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Sunday, June 16, 2019

Radical Idea – Let’s Fix Congress

Freedom Article
Author: admin
Saturday, November 20, 2010
2:23 am

A good friend, Joel Brame, forwarded the following email message to me yesterday.  It is kind of a radical idea, but I agree that it would fix much of what ails Congress today, and return that august body to its original intent – to represent the people of the United States, rather than serving themselves and special interests.

I am sending this to virtually everybody on my e-mail list and that includes conservatives, liberals, and everybody in between.  Even though we disagree on a number of issues, I count all of you as friends.  My friend and neighbor wants to promote a "Congressional Reform Act of 2010."  It would contain eight provisions, all of which would probably be strongly endorsed by those who drafted the Constitution and the Bill of Rights.    

We need to get a Senator to introduce this bill in the US Senate and a Representative to introduce a similar bill in the US House.  These people will become American heroes.

Congressional Reform Act of 2010

1. Term Limits.

   12 years only, one of the possible options below..

   A. Two Six-year Senate terms
   B. Six Two-year House terms
   C. One Six-year Senate term and three Two-Year House terms

2.  No Tenure / No Pension.

A Congressman collects a salary while in office and receives no pay when they are out of office.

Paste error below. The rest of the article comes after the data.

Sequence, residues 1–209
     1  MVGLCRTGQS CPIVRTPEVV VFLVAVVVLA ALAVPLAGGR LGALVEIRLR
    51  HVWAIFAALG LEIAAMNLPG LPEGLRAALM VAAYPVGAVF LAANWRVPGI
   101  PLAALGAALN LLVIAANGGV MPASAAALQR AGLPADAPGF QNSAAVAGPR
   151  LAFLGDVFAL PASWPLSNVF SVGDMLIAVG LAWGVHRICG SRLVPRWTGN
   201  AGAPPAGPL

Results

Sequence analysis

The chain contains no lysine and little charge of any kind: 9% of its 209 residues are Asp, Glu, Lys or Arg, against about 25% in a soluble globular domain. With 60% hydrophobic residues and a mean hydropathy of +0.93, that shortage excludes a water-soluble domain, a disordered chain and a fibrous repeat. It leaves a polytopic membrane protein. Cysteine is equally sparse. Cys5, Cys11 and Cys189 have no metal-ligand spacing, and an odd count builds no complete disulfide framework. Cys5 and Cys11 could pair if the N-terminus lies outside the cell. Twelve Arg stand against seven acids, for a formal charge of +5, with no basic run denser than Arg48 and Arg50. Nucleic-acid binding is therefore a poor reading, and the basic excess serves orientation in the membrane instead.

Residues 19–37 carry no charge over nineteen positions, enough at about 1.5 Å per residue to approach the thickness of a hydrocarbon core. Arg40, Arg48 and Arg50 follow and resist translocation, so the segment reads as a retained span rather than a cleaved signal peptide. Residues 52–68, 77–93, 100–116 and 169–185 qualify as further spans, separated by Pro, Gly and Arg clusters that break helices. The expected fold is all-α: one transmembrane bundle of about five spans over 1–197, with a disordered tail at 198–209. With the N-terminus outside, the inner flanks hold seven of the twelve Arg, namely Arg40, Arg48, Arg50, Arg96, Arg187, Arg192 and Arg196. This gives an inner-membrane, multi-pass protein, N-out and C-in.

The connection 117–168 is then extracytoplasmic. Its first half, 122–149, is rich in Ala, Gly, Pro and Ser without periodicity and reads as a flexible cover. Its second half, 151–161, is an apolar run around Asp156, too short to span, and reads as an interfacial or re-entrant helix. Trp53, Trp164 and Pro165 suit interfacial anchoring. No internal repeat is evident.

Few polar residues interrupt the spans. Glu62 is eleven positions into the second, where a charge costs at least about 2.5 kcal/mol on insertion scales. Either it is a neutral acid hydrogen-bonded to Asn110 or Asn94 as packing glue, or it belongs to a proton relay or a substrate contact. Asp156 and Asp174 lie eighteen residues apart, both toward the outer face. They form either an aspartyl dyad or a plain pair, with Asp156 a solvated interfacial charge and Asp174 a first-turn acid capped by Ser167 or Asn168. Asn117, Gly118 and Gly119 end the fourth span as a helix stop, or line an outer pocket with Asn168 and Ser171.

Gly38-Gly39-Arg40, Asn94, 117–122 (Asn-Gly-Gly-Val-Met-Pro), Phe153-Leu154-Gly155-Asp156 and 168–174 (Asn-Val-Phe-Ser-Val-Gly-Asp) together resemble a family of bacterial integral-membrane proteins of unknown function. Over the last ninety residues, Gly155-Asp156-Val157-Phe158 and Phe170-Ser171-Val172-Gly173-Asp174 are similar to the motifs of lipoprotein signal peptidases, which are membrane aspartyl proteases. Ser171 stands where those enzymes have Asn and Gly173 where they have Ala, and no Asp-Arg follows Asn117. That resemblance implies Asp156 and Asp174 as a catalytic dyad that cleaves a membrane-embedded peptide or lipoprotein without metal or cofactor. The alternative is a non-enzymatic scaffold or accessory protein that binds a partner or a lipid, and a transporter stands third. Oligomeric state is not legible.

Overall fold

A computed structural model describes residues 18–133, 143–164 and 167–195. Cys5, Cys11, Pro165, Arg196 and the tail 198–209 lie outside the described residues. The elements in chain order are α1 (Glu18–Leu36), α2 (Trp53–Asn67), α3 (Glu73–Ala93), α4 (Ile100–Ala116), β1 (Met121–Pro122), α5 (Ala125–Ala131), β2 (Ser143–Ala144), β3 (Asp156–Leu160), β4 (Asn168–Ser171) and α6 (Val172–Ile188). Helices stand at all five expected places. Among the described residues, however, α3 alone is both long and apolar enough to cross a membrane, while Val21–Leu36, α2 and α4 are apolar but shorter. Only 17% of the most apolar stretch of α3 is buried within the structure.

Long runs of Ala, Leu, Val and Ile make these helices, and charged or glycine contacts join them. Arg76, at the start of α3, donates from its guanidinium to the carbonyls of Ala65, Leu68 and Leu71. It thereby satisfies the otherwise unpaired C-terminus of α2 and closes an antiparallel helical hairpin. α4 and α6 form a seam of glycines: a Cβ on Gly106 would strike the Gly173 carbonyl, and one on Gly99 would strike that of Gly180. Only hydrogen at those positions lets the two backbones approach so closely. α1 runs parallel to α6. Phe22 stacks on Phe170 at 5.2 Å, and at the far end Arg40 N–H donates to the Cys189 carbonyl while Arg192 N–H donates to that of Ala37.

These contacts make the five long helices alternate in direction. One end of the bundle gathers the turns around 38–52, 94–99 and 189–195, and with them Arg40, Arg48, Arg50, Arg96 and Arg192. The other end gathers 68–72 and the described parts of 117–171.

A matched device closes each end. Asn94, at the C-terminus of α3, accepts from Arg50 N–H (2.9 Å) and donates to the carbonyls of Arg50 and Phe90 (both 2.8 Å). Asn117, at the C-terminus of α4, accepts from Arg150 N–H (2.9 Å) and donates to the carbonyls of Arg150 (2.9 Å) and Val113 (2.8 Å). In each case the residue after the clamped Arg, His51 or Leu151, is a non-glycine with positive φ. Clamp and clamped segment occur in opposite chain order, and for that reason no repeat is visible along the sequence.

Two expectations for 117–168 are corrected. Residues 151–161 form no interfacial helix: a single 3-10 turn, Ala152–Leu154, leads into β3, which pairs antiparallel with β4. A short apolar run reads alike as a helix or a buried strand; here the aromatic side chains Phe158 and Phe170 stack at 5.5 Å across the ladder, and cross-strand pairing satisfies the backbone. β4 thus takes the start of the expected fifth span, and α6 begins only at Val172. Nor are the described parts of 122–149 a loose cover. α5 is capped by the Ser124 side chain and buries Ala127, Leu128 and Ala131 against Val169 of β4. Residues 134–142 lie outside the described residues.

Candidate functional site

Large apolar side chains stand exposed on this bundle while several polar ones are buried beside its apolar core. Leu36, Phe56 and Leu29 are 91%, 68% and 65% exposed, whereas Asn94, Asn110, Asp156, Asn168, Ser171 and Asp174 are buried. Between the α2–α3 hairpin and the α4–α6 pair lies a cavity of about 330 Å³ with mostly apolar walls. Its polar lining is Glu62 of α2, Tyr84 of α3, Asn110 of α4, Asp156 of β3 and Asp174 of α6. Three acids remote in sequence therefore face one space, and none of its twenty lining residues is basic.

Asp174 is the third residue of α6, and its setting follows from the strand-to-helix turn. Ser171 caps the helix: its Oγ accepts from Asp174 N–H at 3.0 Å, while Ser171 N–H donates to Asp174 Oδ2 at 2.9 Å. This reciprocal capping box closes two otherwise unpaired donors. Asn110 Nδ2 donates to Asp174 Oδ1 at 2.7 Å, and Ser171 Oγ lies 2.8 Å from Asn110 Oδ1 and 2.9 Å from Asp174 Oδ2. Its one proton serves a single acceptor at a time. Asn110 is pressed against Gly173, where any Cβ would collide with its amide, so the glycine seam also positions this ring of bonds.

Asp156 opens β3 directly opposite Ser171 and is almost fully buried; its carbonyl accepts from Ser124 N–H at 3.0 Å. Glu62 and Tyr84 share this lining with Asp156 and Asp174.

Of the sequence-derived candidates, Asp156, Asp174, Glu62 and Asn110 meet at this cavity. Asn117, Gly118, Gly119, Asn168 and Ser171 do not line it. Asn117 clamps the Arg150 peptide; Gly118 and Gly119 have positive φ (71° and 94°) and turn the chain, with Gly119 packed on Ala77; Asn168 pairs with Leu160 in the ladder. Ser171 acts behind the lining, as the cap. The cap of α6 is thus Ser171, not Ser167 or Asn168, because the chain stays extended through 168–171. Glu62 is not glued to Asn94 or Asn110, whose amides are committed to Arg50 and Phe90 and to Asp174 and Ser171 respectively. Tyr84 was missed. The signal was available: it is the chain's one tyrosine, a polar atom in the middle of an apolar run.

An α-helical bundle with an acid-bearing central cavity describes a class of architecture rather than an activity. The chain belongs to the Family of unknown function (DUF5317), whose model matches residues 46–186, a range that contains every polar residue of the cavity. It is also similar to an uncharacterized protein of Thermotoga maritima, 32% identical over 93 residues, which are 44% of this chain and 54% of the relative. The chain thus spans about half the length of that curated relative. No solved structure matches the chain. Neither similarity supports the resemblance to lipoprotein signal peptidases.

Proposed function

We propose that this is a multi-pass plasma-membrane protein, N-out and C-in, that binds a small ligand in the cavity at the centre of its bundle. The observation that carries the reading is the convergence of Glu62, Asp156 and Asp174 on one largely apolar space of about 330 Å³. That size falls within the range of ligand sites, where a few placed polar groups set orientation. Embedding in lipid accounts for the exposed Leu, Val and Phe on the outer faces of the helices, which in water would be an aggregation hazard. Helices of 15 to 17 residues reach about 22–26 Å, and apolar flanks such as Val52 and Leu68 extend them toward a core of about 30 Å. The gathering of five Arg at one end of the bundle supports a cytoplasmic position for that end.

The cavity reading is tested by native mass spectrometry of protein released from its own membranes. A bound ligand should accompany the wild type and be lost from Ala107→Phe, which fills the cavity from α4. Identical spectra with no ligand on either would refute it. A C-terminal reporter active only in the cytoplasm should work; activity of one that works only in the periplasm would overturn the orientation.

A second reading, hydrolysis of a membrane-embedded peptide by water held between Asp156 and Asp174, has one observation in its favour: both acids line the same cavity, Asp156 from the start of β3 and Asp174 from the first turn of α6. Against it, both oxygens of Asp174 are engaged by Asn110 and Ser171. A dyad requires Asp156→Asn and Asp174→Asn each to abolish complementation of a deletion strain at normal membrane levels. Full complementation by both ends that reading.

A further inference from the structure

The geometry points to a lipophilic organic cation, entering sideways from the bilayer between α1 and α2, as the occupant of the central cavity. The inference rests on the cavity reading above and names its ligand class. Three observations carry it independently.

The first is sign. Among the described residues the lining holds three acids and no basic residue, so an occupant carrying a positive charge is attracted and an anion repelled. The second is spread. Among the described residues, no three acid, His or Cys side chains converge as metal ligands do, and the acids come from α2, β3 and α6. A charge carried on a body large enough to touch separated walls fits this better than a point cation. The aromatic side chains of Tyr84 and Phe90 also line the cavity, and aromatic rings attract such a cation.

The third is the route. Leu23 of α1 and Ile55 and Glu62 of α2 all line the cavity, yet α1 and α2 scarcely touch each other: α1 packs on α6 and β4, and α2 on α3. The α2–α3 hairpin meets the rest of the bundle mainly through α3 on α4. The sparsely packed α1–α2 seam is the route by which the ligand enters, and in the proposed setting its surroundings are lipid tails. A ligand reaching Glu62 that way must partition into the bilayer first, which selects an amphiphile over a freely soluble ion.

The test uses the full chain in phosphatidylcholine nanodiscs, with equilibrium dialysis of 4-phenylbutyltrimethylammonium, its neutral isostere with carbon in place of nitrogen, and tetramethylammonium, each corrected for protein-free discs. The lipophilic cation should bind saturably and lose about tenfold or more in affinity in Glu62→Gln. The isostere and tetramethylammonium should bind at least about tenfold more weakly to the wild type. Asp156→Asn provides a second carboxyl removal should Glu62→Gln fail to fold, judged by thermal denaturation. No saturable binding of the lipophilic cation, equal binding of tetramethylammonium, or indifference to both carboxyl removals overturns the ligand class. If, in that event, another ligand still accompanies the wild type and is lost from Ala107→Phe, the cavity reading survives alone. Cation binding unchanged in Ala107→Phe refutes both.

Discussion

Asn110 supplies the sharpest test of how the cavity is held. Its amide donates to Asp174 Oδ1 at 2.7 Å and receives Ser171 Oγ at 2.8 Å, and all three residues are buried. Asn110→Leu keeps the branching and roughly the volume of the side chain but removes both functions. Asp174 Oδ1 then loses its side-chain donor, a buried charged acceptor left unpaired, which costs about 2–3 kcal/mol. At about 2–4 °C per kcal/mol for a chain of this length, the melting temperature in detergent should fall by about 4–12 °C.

3.  Congress (past, present & future) participates in Social Security.

All funds in the Congressional retirement fund move to the Social Security system immediately.  All future funds flow into the Social Security system, and Congress participates with the American people.

4. Congress can purchase their own retirement plan, just as all Americans do.

5. Congress will no longer vote themselves a pay raise.  Congressional pay will rise by the lower of CPI or 3%.

6. Congress loses their current health care system and participates in the same health care system as the American people.

7. Congress must equally abide by all laws they impose on the American people.

8. All contracts with past and present Congressmen are void effective 1/1/11. 

The American people did not make this contract with Congressmen.  Congressmen made all these contracts for themselves.

Serving in Congress is an honor, not a career.  The Founding Fathers envisioned citizen legislators, so ours should serve their term(s), then go home and back to work.

I have long thought that politicians get so wrapped up in the prestige and power of their offices that they soon forget what it is like to be a common citizen.  It indeed takes an exceptional person to not succumb to the the trappings of political power.  It is tragic that the Congress has progressively set itself up as an elite body that only superficially answers to the voice of the people. 

I like the ideas this congressional reform proposes.  Now, we just need to figure out how to get people with the guts to put it into law.

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Congressional Thanksgiving Proclamation 1782

Freedom Article
Author: Mark Dixon
Thursday, November 26, 2009
1:33 am

STATE OF NEW-HAMPSHIRE. IN COMMITTEE of SAFETY, EXETER, November 1, 1782.

ORDERED,
THAT